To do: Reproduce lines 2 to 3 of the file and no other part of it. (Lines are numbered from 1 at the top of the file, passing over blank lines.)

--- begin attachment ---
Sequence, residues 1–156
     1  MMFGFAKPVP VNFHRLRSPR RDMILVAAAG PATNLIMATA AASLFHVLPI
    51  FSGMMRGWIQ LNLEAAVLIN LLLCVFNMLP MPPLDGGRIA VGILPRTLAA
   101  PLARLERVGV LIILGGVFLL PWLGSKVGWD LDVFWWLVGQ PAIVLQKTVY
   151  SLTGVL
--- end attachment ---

     1  MMFGFAKPVP VNFHRLRSPR RDMILVAAAG PATNLIMATA AASLFHVLPI
    51  FSGMMRGWIQ LNLEAAVLIN LLLCVFNMLP MPPLDGGRIA VGILPRTLAA